The Surf Club is a condominium and resort complex in Surfside, Florida, a vibrant beach city to the immediate south of Bal Harbour, Florida and just north of Miami Beach. Originally a famous 1930s private club, the Surf Club has been restored and re-imagined as a luxurious Four Seasons residence, with onsite hotel. A RICHARD MEIER DESIGN The 80-room Four Seasons Hotel is incorporated into the historic Surf Club building. On either side is a 12-story residential tower, with a total of 150 private residences between the two towers. The grand architect of this enormous project is the world-famous, Pritker-Prize winning architect Richard Meier. The architect has designed not only the exterior of the building, but the unit interiors as well. The Surf Club Four Seasons sits on 9 acres (3.6 hectares), and offers its hotel guests and residences 965 feet (300 meters) of oceanfront, one of the largest oceanfront expanses of any condo enclave in South Florida. The Richard Meier designed residences range from 1400 to 8000 square feet, and include a number of extraordinary penthouses.


175 Greenwich Street stands centrally across Greenwich Street from the main axis formed by the two reflecting pools of the Memorial. The design of the tower addresses this central position and accentuates the building verticality relative to the Memorial site. The design uses a structural load-sharing system of architecturally-clad bracing that helps to articulate the building’s east-west configuration. All corners of the tower are column free to ensure that occupiers of the office levels have unimpeded 360 degree panoramic views of New York. The upper levels of the tower appear to straddle the lower levels, which helps to reduce the impact of the building’s high volume and emphasize the interlocking nature of the base with the upper part of the building. The 3-storey lobby on Greenwich Street offers tenants and visitors a ‘big picture window’ onto the WTC Memorial.


The Spiral is a 1,005-foot-tall office tower to be sustainably constructed in the rapidly developing Hudson Yards district of Manhattan’s Midtown West. A cascading series of landscaped terraces and hanging gardens will define the signature building with readily accessible outdoor space catering to a dynamic, mixed-use urban community. The tower will comprise 2.85 million square feet, incorporating 65 stories and 27,000 square feet of first-class retail. Designed by renowned architectural firm Bjarke Ingels Group, The Spiral’s form takes inspiration from the classic Manhattan step-back as it tapers vertically with green spaces circling from base to top. The terraces will provide each floor with outdoor space and multi-floor atria for dynamic work space flow or unique meeting areas. Center-core open floor plans will allow for flexible configurations, while soaring ceiling heights and virtually column-free floor plates will provide spectacular, unobstructed city and river views. Located on Hudson Boulevard at the northern tip of the High Line elevated park, The Spiral will occupy an entire city block between 34th and 35th Streets at the heart of Hudson Yards, New York City’s fastest-growing neighborhood. The tower’s 30-foot-tall lobby will front Hudson Boulevard Park, further extending access to urban green space and offering generous ground-floor retail offering. Directly facing The Spiral’s entrance is access to the newly extended 7 Train, providing an easy commute to Grand Central Terminal and the rest of Manhattan. The tower is in close proximity to the city’s most convenient transportation hubs, including the Port Authority, Penn Station, the Lincoln Tunnel and the West Side Highway, allowing for easy access to all five boroughs and the tristate area. 2.85 million sq. ft. of new office and retail Access to signature outdoor terraces on each floor Column-free floor plates and flexible, open floor plans Soaring ceiling heights, unobstructed city and river views Richly amenitized, newly energized Hudson Yards location Neighboring High Line and Hudson River Park urban green spaces Direct access to subway and proximate to all major transportation hubs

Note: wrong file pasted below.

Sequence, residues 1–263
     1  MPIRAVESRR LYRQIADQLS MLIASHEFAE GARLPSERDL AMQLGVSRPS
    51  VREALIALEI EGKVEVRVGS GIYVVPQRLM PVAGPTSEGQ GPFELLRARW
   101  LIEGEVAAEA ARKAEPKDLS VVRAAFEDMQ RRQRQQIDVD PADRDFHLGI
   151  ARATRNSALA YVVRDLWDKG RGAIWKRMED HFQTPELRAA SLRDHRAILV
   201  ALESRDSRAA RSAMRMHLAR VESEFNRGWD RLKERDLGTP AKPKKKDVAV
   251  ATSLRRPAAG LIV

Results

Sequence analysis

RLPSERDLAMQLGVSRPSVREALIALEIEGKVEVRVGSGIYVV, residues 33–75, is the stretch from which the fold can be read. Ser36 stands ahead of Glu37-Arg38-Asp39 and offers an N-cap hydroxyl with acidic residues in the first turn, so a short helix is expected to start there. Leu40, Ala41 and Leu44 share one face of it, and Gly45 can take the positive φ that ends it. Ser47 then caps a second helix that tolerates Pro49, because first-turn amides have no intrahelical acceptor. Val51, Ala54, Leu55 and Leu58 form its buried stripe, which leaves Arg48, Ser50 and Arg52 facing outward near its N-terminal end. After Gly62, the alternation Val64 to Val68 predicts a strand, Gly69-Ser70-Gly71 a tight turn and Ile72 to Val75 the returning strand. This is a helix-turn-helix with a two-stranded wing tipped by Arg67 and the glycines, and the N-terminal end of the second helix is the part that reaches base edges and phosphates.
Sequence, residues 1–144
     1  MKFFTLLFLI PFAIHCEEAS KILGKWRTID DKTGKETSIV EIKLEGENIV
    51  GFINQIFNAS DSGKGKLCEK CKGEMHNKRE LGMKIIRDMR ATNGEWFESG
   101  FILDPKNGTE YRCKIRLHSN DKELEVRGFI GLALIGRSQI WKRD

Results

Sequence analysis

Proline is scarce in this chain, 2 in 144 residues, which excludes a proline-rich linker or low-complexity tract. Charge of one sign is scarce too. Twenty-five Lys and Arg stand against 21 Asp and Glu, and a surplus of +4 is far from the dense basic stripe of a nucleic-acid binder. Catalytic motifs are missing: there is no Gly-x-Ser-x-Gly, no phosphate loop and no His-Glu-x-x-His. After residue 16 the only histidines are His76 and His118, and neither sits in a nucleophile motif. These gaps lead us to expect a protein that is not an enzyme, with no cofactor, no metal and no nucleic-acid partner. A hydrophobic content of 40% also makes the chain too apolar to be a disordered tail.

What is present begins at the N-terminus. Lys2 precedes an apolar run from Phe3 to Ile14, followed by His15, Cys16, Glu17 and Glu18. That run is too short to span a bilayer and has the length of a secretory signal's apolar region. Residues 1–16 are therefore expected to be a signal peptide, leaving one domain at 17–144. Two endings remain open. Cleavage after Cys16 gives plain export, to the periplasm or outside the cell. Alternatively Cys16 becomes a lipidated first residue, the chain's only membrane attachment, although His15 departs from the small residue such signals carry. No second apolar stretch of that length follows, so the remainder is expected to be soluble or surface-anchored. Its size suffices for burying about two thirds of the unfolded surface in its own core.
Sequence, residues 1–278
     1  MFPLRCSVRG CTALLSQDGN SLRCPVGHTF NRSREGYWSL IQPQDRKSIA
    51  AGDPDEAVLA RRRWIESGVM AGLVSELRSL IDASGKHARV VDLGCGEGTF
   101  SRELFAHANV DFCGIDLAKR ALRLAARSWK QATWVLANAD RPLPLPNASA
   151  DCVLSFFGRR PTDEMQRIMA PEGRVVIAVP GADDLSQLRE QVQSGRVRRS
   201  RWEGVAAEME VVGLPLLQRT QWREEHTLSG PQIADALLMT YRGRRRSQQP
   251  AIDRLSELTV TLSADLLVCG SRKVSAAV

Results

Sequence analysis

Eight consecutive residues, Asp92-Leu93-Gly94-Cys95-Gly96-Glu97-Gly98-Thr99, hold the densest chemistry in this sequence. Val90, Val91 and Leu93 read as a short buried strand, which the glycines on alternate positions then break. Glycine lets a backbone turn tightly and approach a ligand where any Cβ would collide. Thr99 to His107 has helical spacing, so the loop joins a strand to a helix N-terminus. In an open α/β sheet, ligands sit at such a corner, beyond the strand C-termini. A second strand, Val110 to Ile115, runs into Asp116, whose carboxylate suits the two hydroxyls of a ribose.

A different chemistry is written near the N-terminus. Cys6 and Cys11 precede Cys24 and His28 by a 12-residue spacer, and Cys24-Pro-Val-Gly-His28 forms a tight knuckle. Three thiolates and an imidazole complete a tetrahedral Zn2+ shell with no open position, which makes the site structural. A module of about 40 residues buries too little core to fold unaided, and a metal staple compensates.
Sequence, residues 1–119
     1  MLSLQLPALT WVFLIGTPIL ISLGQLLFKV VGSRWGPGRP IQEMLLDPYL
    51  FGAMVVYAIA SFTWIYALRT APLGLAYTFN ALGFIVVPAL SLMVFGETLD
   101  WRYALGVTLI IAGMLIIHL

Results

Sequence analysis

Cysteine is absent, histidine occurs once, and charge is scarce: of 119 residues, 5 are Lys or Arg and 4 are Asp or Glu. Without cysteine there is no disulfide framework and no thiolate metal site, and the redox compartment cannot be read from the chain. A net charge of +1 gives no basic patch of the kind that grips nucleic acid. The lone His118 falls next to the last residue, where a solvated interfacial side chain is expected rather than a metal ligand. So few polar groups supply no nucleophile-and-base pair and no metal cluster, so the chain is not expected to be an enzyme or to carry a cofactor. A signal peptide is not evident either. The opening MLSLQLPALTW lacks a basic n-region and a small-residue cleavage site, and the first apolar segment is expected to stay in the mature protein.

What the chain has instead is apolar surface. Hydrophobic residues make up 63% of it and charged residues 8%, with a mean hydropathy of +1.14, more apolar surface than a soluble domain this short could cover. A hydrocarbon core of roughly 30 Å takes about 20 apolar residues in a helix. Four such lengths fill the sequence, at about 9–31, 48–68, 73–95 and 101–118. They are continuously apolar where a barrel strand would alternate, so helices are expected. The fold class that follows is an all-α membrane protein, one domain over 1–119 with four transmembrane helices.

The Port Authority of New York and New Jersey is embarking on a major modernization and redevelopment effort to position EWR to meet the needs of the 21st Century. While Newark Liberty’s problems are shared by other older airports around the nation, the challenge is tougher here. The New York metropolitan area is an international economic powerhouse and one of the most densely populated areas in the nation, but its three major airports are squeezed into undersized properties, with no room to spread their wings. Put Newark Liberty, John F. Kennedy International and LaGuardia together, and they’d still cover less acreage than Dallas/Fort Worth International Airport, while serving twice the number of passengers, according to Lawrence. Designed by the London-based architectural firm Grimshaw, the steel-and-glass Terminal One pays tribute to the design of the earlier three terminals, with a sweeping facade featuring wide expanses of tall windows. Inside, Grimshaw’s design aims for abundant natural light and open sight lines to “reduce the potential for confusion and stress,” says Nikolas Dando-Haenisch, project lead for Grimshaw. Once departing passengers pass through security, they’ll come to an overlook point where they can survey the restaurant and retail outlets, as well as the paths to their gates, on the floor below. Inside, the terminal will have two main levels: departures on the top and arrivals below, with a mezzanine for airport offices in between. Baggage claim will be on the ground floor. Terminal One is being built south of Terminal A, on a site once occupied by UPS and U.S. Postal Service buildings. Working on a new site makes for an easier construction experience than what the Port Authority and passengers face at LaGuardia, which is undergoing a massive, $8 billion rebuild while in constant use. The Terminal One project follows a $120 million upgrade a few years ago to Terminal C, the base of United Airlines, the dominant carrier at Newark Liberty. That renovation included a major upgrade in food service. The Terminal One plan also calls for new and better dining options than at Terminal A. The concessions at the new terminal, which will be operated by Munich Airport International, a subsidiary of Munich International Airport, will aim to include dining options with a Garden State twist. No restaurants have been announced yet. The Port Authority has yet to determine which airlines will use Terminal One. Terminal A is now home to Air Canada, Alaska Airlines, American and JetBlue.